As discussed below, the substrate temperature, substrate choice, amount of N2 gas flow, and any additional applied bias all had significant effects on the optical properties of the final films. We found that varying the composition of gases during reactive sputtering of TiN in general gave a greater degree of control to the thin film formation as compared to nonreactive sputtering; however, by varying the substrate temperature during deposition, a significant range of properties can also be achieved via nonreactive sputtering. In addition, by applying a bias while sputtering we were able to deposit metallic TiN films at room temperature.
Since we found that the deposition temperature had the overall greatest influence on the metallic nature of high quality TiN, we will begin by discussing this parameter followed by the effects of the substrate choice. We will then evaluate the changes due to gas composition in reactive sputtering as compared to non-reactive sputtering for a particular substrate, since these effects are more interactive. We will finish by examining the metallic films produced at room temperature with the addition of a substrate bias. Finally, we will discuss the results including correlations of the optical behavior with structure and composition measurements to provide initial suggestions as to the underlying structural cause of the variation in optical properties.
3.1 Substrate temperature effects during non-reactive sputtering
The substrate temperature during film deposition is known to affect the structure and properties of the resulting film [13, 18, 34 ]. Figure 2(a) provides a summary of the results of increased substrate temperature on non-reactively sputtered TiN films. ε̍ of the sputtered TiN shows little dependence on the choice of substrate, but there is a pronounced change on all substrates as the substrate deposition temperature is increased. TiN films sputtered onto c-Sapphire, Si, and MgO at room temperature all exhibited ‘minimal metallic character’ including: low reflectivity, high resistivity, and ε̍ close to zero. At elevated substrate temperatures of 600°C, ε̍ of the films reaches negative values for longer wavelengths. The behavior for all substrates tried is similar. We can therefore achieve significant control over the properties of non-reactively sputtered TiN solely by depositing at different temperatures.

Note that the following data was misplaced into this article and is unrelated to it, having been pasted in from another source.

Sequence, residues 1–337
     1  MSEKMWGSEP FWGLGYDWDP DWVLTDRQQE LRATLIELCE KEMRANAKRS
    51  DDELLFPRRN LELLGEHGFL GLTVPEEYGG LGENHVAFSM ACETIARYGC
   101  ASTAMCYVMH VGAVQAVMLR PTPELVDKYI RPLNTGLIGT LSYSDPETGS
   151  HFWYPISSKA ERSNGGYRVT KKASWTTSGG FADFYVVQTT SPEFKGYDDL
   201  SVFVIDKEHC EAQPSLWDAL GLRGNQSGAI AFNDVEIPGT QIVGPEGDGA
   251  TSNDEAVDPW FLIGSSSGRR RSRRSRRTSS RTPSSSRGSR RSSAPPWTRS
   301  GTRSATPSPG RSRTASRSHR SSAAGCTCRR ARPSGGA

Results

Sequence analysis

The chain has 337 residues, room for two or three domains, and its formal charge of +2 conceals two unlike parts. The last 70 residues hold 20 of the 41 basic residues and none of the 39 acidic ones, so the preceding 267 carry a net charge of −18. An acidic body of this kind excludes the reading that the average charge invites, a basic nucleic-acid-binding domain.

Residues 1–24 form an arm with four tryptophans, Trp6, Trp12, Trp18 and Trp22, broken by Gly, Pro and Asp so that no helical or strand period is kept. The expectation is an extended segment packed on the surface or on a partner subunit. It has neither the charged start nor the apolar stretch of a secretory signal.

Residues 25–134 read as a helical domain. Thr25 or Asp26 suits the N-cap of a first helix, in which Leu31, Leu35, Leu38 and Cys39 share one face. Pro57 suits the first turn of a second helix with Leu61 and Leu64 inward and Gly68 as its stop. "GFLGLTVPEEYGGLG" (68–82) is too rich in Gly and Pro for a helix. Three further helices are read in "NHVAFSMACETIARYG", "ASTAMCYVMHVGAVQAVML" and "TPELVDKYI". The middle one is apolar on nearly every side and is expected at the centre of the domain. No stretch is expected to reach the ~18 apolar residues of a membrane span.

3.2 Substrate template effects during reactive sputtering
Given the more metallic behavior of non-reactively sputtered TiN films deposited at 600°C substrate temperature, our next experiments adopted this value of temperature, and in addition explored the behavior of the thin films under conditions of reactive sputtering. This deposition procedure utilized nitrogen as the reactive gas and argon as the chemically inert and heavy, sputtering gas. As for the non-reactively sputtered films, we were interested in the quality of films deposited on a variety of substrates, thus we simultaneously deposited TiN onto sapphire, silicon, and MgO substrates. Figure 2(b) shows the results of one such experiment, carried out at 12:8 sccm Ar:N2 reactive gas flow at 4mTorr and subjected to 200W DC power. By reactively sputtering rather than non-reactively sputtering, we achieved significantly more metallic TiN on MgO. Unlike the situation with non-reactive sputtering, the resulting ε̍ versus λ of the reactively sputtered TiN films showed a very distinctive dependence on the choice of substrate. X-ray diffraction (XRD) studies confirm the strong influence of substrate on the TiN thin film microstructure, as will be seen in Fig. 4. In general, we note that films with ‘better crystallinity’ have greater metallic character, though this is not the only critical factor.